March 12 Jewish Settlement in and out of Mattapan and The Roots of New Boston: Race and Ethnicity in Mattapan, 1860 – 2010 / Two speakers will review the history of the Jewish migration patterns in Boston and the evolution of Mattapan. Particular attention will be paid to the role of real estate, with particular concern for the question: Is there a “new Boston,” or is this “newness” merely the result of twenty-first ideas about race and ethnicity?
Amy Schectman has spent the past 30 years working on affordable housing, economic development and the integration of housing and social services. Dr. Kerri Greenidge is a lecturer at the University of Massachusetts-Boston. She previously worked as a historian for Boston African American National History Site and as a historian for the upcoming Blackwell Anthology of African-American Literature. Her book, Boston’s Abolitionists (2006) describes the city’s unique role in the ante-bellum abolition movement.
March 26 Family Research Through Oral History for Less Documented Groups / Not all families come from a place like New England that is rich in genealogy documentation. People from countries like Jamaica and Haiti struggle harder to piece their family history together. Oral history acts as a way to re-discover your roots through conversations with family members who are still living. In this talk, learn how oral history can be used, particularly within immigrant communities, to recapture your family story and to rekindle stronger family bonds. Marian Pierre-Louis is a House Historian and Genealogical Lecturer who specializes in southern New England research. She is the host of Fieldstone Common, a weekly radio show dedicated to northeastern history and genealogy.
April 9 Brighton: the Historic Neighborhood / This talk will trace the development of Allston-Brighton from its earliest years as part of Cambridge, its residential and commercial growth in the eighteenth and nineteenth centuries, annexation to Boston in 1874, and more recent immigration which has made it one of the city’s most embracing neighborhoods. Anthony Mitchell Sammarco is a noted historian and author of over sixty books on Boston, its neighborhoods and surrounding cities and towns. He lectures widely on the history and development of his native city. His most recent book, A History of Howard Johnson’s: How a Massachusetts Soda Fountain Became an American Icon, was published last year.
April 23 Researching Your Jewish Ancestors in Old Boston Neighborhoods / Learn basic genealogical strategies for researching your Jewish ancestors from the Jewish neighborhoods of Boston. How to use online and local resources in your search, including the US records you need to find your 19th/early 20th century immigrant ancestors, the repositories and web sites where you can access them, some specialized Jewish sources, and the basics of how to use that information to begin to get back to the “old country.” Meredith Hoffman is a professional genealogist and popular lecturer. She is founding editor of the Success! Stories webzine on JewishGen.org, and KehilaLinks coordinator for Berezno, Ukraine, at JewishGen.org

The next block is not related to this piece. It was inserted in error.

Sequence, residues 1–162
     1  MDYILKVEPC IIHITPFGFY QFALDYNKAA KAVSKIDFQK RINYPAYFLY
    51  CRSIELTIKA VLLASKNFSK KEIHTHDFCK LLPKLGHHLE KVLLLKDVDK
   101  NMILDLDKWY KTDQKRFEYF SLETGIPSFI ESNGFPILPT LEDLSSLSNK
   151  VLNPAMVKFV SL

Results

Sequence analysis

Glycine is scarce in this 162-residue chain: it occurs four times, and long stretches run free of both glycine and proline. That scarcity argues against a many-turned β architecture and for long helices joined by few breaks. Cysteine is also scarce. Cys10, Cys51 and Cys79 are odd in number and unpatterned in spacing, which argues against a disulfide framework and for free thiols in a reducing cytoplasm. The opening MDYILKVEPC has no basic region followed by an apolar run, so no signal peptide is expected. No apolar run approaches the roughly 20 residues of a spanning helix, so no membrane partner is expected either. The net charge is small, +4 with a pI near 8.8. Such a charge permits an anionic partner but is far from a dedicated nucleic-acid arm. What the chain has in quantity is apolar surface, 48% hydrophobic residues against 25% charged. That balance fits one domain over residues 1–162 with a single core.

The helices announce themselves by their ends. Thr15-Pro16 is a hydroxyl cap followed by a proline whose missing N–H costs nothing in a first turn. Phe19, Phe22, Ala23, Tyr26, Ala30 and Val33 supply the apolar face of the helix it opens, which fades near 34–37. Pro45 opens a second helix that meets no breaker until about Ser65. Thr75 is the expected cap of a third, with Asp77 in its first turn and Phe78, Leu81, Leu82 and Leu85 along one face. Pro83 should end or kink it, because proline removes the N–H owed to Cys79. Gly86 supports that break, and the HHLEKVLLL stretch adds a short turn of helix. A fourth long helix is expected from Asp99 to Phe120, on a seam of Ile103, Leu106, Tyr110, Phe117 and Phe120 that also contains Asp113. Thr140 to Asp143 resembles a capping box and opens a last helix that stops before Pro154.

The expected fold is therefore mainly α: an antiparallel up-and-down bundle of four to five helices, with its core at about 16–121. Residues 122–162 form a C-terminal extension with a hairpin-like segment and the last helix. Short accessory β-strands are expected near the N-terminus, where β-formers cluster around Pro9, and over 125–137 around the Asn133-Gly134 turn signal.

May 7 Diaspora to the Boston Neighborhoods and Suburbs / James O’Connell will examine the migration of residents of Boston’s neighborhoods to surrounding suburbs during the twentieth century, drawing upon his recent book The Hub’s Metropolis: Greater Boston’s Development from Railroad Suburbs to Smart Growth (MIT Press, 2013). Mr. O’Connell is a Community Planner at the Boston Office of the National Park Service.
May 21 – Mining Family History – Gold in Local Archives and Speakers’ Round Table, with James Madden, Tunney Lee, Joanne Riley, Antonio Di Mambro, Kerri Greenidge, James O’Connell, Anthony Sammarco and Amy Schectman / The Boston area boasts dozens of Archives that are open to the and are goldmines for family and neighborhood historians, including records from 19th century social welfare organizations, mortuary records from the Massachusetts Catholic Association of Foresters, and the “Saturday Evening Girls” collection. Joanne Riley will provide pointers to the wealth of information preserved at local archives. The round table will tie together this year’s talks and give an opportunity for both speakers and audience to speculate on what kinds of changes are likely in the coming decade. Joanne Riley is University Archivist at the University of Massachusetts Boston. She co-founded the “Mass. Memories Road Show”, a state-wide public scanning and indexing project.